Miss A Columnist

Andrea Rodgers is the Founder of Miss A (AskMissA.com), which covers the intersection of charity and lifestyle for 1.5 million unique readers annually. Based in Washington, DC, Miss A has a presence in 21 U.S. cities with 30 editors and hundreds of writer. Andrea was inspired after 9/11, and became heavily involved in Washington’s charity circuit in an effort to give back to the community. At the core of the Miss A brand is Andrea’s personal belief in the positive power of volunteering and charity — not only to benefit those less fortunate, but to improve the individual, business or brand that gives their time, money and energy to a cause. AskMissA.com serves as a technological platform which connects editors, writers and readers around this core belief and shines a spotlight on the best nonprofits, charity events, cause marketing campaigns and philanthropic & stylish people, businesses and brands to inspire others to get involved.

Andrea Rodgers is a member of the Vogue 100, a hand-selected group by Vogue magazine of 100 influential decision makers and opinion leaders across the country known for their distinctive taste in fashion & culture. She has been featured in Vogue, W and Allure, CNN, Fox News, NOS Dutch Public Broadcasting, TV Tokyo, France 24, Alhurra, USA Today, Washington Post & Politico.

America Learns More About Tareq and Michaele Salahig

Who are these people

I wanted to give my readers an update. It’s been a bizarre Thanksgiving. I have been receiving calls and emails, and giving information to various news outlets all day today. A recent Fox News article linked to my blog post about the Salahi’s, and I was asked to be on Good Morning America tomorrow morning, but didn’t want to do it.  Some people suggested it would be a great opportunity for my website, but  I’m not trying to get my 15 minutes of fame. I hope that at some point I’ll be asked to be on Good Morning America for something much more positive.

Additionally, I have seen how litigious Tareq and Michaele Salahi can be and quite frankly don’t have the time or money to deal with a lawsuit. I have seen over the years that when faced with an obstacle, the Salahi’s default reaction is to threaten a lawsuit. It’s their M.O. in my opinion. You can see from this CNN story how litigious they are. I mean how many people sue their own mother? Or the Washington Redskins? Of course, how many people would try to crash a State Dinner at the White House? It goes to show the sense of entitlement and delusions of grandeur they seem to have.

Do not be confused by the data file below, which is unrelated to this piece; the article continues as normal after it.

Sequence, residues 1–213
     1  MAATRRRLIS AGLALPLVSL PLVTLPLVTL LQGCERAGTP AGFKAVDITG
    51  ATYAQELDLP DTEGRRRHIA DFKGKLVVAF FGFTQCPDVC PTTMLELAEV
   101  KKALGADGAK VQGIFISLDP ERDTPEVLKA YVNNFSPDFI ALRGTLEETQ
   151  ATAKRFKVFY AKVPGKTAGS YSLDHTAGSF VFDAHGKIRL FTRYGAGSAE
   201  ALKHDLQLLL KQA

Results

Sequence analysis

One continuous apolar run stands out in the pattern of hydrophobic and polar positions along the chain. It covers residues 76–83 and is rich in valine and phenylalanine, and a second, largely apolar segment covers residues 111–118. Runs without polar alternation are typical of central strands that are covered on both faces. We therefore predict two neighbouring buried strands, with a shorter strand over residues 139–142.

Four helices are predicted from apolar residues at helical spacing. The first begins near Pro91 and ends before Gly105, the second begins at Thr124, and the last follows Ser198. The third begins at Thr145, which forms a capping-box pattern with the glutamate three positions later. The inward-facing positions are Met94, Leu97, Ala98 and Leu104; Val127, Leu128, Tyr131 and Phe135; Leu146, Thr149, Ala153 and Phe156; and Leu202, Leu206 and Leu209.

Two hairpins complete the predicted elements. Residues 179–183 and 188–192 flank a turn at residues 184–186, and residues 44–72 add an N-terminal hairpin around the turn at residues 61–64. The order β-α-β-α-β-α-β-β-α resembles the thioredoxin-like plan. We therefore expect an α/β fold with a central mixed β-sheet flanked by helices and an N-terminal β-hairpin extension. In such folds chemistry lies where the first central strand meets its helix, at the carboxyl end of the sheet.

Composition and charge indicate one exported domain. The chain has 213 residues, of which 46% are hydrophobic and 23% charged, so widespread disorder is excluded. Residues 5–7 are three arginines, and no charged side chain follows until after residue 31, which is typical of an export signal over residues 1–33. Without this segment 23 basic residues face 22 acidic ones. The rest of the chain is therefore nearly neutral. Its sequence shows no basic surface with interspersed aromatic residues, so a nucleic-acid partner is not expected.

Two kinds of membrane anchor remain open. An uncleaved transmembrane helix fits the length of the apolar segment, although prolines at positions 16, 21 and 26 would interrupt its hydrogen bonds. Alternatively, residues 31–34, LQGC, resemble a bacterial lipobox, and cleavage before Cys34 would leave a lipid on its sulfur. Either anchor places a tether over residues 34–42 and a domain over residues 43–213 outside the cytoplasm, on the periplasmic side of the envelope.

I have also heard that Bravo had their reality camera’s filming the Salahi’s at the White House. Taxpayers pay for the White House with hard-earned money, and to have Bravo and the Salahi’s disrespect President and Mrs. Obama and to use the property for their own monetary gain is beyond outrageous! What bothers me is how many people have commented on Michaele’s Facebook page congratulating her for crashing the White House. Have people lost their ever-loving minds? This was completely inappropriate behavior. It was a State Dinner at the White House– not the Oscars. That’s probably all I should say. Again, I’m not trying to get sued. Bravo still has a casting tape of me, and I did sign some contracts with them.

- Miss A

P.S. I have added some details on the Salahi’s, NY State Assemblyman Greg Ball who is running for the Senate.

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